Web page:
9. M.Landa said on April 27th, 2008 at 6:57pm #

    Heston was a lackey of the state and gave his significant “amen” to the invasion of Vietnam. Three million people were killed there. I can understand sentiment for the Vietnamese only.

  10. hp said on April 27th, 2008 at 7:47pm #

    Dream on. Patton was ready to take all of Europe AND Russia.
    The Russians did indeed die like leaves and at the end were devastated. The US was at peak production and Patton, with the Waffen SS (talk about crap history books), would have ran over the Russians easily. All the way to Moscow.
    He hated the Jewish Bolsheviks beyond any other and predicted exactly what would and did happen.
    My father was there. Called to be a witness at Nuremberg. 25th Cavalry, 4th armor. He and all his buddies assumed Patton was killed for saying too much and planning on saying even more about Uncle Joe, FDR and the coming tragedy which did indeed materialize.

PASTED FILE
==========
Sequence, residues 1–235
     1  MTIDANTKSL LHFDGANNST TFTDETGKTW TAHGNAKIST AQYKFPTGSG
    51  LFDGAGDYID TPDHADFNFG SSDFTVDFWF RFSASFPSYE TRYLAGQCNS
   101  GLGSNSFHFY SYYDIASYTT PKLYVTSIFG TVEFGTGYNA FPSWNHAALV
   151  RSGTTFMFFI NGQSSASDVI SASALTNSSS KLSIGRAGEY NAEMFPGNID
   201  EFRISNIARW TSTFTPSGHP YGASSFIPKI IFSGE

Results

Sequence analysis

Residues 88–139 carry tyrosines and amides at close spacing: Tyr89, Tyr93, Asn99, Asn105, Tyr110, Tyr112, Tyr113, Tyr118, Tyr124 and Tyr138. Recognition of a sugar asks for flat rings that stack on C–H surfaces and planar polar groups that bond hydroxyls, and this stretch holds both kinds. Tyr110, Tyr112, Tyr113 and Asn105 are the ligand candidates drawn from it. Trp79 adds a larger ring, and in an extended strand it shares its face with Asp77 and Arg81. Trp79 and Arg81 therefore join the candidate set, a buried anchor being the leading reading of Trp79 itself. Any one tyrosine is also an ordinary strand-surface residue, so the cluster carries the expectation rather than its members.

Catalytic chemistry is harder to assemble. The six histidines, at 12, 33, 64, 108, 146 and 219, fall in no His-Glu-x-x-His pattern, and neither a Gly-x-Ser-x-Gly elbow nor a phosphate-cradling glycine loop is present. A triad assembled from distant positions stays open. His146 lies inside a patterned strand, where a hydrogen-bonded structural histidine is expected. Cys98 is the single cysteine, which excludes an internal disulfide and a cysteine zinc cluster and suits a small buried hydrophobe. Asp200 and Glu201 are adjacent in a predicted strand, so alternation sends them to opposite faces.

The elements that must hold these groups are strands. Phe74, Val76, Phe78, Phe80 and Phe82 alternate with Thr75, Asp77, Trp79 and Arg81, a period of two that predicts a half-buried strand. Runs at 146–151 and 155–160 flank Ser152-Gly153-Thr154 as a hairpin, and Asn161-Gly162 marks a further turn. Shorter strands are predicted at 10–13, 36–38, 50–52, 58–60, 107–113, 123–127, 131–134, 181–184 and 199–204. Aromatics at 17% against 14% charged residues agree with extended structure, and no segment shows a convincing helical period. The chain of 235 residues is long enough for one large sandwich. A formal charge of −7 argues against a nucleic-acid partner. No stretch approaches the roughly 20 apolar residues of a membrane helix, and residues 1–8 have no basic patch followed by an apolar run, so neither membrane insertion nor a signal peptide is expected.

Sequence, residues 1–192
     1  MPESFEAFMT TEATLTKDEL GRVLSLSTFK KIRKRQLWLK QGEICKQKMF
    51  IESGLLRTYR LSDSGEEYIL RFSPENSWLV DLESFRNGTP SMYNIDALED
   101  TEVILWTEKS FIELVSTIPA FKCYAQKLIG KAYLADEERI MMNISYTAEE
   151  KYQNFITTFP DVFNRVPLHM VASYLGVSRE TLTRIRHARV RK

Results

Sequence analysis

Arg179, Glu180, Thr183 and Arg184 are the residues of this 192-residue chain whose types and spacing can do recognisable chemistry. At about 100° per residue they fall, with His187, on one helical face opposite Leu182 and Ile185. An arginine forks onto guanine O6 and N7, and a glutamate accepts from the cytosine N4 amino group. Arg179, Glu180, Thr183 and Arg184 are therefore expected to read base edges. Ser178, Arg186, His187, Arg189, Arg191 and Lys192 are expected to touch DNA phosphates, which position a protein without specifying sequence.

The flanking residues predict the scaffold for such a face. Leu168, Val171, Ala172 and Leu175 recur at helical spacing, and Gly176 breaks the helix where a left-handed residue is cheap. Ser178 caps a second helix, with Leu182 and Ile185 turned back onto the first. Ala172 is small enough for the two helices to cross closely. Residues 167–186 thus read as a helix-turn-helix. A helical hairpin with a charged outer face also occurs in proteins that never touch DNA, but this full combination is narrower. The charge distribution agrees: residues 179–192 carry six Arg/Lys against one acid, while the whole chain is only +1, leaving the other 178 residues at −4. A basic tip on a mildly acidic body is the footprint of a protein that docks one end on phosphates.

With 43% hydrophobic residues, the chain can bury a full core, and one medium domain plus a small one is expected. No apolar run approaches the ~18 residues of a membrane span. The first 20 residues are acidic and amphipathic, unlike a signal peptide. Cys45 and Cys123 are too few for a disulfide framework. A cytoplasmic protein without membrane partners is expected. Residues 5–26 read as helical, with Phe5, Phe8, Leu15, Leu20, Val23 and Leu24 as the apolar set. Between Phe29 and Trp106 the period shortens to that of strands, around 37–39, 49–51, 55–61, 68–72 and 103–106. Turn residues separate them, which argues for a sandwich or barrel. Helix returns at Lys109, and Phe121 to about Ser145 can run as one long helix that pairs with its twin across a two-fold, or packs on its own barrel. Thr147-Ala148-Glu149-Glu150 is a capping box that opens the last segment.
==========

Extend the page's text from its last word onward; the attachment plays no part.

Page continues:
11. Hue Longer said on April 28th, 2008 at 1:31am #

    I agree with all of that Kevin Carson

    Gore Vidal has made fun of Charlton Heston’s understanding of the roles he played (at least as Ben Hur–who was rewritten by Vidal to be a homosexual prior to where the story starts). I loved those three sci-fi movies too, but I don’t give Heston any credit unless I’m presented with evidence that he injected social commentary into them himself– Just like I don’t give him any credit for rightward or seemingly rightward positions he took. He read a good script, good for him and the movies he did

  12. Hue Longer said on April 28th, 2008 at 1:33am #

    Patton knew how to use up more men than was nessesary…what a hero!

  13. HR said on April 28th, 2008 at 1:46pm #

    HP, a fellow name of Hitler made the same mistake of underestimating the Soviets late in the war, even as Soviet production was increasing and Hitler’s forces were being driven out of Russia. If the Allies had attacked the Soviets, their losses would have been catastrophic, and the outcome dubious. I also don’t buy into the myth that Soviet physicists were too dumb to have developed nuclear weapons on their own.